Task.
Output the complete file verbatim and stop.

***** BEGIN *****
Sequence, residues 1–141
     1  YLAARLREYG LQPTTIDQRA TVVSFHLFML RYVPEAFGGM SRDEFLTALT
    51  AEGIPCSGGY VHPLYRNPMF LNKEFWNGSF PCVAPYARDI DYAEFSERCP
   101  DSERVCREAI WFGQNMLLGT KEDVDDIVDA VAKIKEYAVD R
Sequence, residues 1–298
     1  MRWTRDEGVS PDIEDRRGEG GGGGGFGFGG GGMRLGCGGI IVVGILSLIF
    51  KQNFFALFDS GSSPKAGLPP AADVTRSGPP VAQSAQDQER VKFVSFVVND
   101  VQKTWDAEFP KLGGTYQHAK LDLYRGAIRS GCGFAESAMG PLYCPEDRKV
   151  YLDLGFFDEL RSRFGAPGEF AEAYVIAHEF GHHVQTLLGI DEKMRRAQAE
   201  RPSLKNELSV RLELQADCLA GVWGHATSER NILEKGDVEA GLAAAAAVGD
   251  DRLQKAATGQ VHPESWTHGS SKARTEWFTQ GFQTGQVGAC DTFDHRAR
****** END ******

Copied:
Sequence, residues 1–141
     1  YLAARLREYG LQPTTIDQRA TVVSFHLFML RYVPEAFGGM SRDEFLTALT
    51  AEGIPCSGGY VHPLYRNPMF LNKEFWNGSF PCVAPYARDI DYAEFSERCP
   101  DSERVCREAI WFGQNMLLGT KEDVDDIVDA VAKIKEYAVD R
Sequence, residues 1–298
     1  MRWTRDEGVS PDIEDRRGEG GGGGGFGFGG GGMRLGCGGI IVVGILSLIF
    51  KQNFFALFDS GSSPKAGLPP AADVTRSGPP VAQSAQDQER VKFVSFVVND
   101  VQKTWDAEFP KLGGTYQHAK LDLYRGAIRS GCGFAESAMG PLYCPEDRKV
   151  YLDLGFFDEL RSRFGAPGEF AEAYVIAHEF GHHVQTLLGI DEKMRRAQAE
   201  RPSLKNELSV RLELQADCLA GVWGHATSER NILEKGDVEA GLAAAAAVGD
   251  DRLQKAATGQ VHPESWTHGS SKARTEWFTQ GFQTGQVGAC DTFDHRAR